Marching to the Beat of A New Drum: The Vega Chair, Reimagined

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In 1956, Folkets Hus (“The People’s House”) was created as a meeting and event space for the labor movement. Danish architect and designer Vilhelm Lauritzen designed everything from the building itself to the furniture, including the stackable VLA26 Vega Chair.

In 1996, the space was reimagined as Vega, a concert hall where some of the most exciting and anticipated musical acts that come to Copenhagen. Vega is known for its intimate settings in both the larger and smaller stages (known as “Stor Vega” and “Lille Vega,” respectively). The VLA26 Chair continues to be used in this new iteration, proving that Lauritzen’s focus on functionalism has endured through this design.

Now, Carl Hansen & Son is producing the Vega Chair with a focus on having the chair in people’s homes, rather than having it simply used for event spaces. The upholstered versions (textile and leather are both available) are particularly attractive in a home setting, but upholstered or not, the chair is both simple and architectural in a way that easily integrates into any home. It is truly a perfect example of Danish functionalism.

We spoke with Anne Møller Sørensen, partner at Vilhelm Lauritzen Architects, about the re-release of the Vega Chair and how they’re reimagining the stackable, event chair for private homes:

The Vega Chair was originally created in 1956 as part of Lauritzen’s The People’s House, which is now Vega. What was the original intended purpose of the chair, and is that any different than how it is being used today?

The Vega chair is a stackable chair that has been used for events, dinners and concerts in the building since 1956. The original chairs have been in daily use since 1956, so they have proven to be durable designs.




This is the first time the Vega Chair is being used outside of Vega. How do you see people using this chair?

It is a simple and very versatile stacking chair that can be used both in homes, offices and in public institutions. It is also an obvious chair for auditoriums, conference rooms and canteens, where the chairs can be easily set up and stacked after use.


The irony of a chair like the Vega is that it’s meant to be almost invisible; no one really remembers the chair from a great concert, right? How will that brief change when it becomes a chair that people can have in their homes?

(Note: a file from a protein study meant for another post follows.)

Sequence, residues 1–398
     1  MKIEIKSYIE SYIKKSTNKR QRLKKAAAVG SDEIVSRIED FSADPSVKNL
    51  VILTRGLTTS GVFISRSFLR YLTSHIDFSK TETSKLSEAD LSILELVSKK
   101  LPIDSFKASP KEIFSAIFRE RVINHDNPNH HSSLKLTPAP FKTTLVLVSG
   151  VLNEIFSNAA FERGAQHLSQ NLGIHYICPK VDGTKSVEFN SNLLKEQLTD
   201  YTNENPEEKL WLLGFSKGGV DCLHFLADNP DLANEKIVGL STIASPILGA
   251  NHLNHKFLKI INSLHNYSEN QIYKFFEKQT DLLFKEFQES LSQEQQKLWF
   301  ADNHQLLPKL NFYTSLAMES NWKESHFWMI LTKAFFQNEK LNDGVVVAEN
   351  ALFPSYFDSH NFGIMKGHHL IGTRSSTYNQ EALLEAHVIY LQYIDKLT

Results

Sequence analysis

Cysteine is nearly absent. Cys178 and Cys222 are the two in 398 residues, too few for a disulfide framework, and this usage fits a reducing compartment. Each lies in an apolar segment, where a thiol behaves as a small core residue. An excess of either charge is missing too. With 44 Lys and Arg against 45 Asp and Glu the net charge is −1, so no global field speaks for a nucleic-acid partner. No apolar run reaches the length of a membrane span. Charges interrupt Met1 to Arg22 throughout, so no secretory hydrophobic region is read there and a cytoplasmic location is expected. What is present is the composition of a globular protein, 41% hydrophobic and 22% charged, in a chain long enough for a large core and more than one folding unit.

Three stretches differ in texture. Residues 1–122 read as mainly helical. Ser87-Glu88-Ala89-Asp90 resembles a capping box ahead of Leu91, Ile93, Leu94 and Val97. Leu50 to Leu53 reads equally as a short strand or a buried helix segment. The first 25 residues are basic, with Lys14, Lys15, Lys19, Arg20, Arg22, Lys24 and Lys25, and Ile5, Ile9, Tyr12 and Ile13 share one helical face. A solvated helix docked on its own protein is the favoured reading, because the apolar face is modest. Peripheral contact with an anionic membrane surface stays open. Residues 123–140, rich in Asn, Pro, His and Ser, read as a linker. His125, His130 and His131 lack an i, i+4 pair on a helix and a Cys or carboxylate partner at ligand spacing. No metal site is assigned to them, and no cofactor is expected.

We have redesigned the chair so that all parts can be easily replaced. The fact that it is designed to disassemble makes it possible to style the chair very personally, with different types of fabric and leather on both the seat and backrest.


Why do you think the Vega chair has endured all these years?

For me, the design itself is iconic with the slender frame and the organically shaped veneer shells. The design also has some fine details such as the small solid oak feet on the steel legs and the thin padded shells that outline the veneer shells.

The original chairs, which are still used in the listed building, have proven to be a very robust design.




Can you tell us about a time you were at Vega that is special to you?

This year we celebrate our 100th anniversary and therefore we held our own summer party for the employees in Store Vega – the largest venue.

The venue was decorated with round tables and lowered chandeliers, and there was a fantastic atmosphere in the intimate space, which exudes history and celebrations.


Specs for the VLA26P and VLA26T Vega Chairs

Height: 80 cm/31 inches
Seat height: 45 cm/17.7 inches
Width: 56 cm/22 inches
Materials: FSC-certified oak, powder-coated steel. Chairs are also available with textile or leather upholstery on the seat and backrest

Find out more and buy the Vega Chair.

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Rebecca Thandi Norman

Rebecca Thandi Norman is a co-founder and Editor-in-Chief at Scandinavia Standard.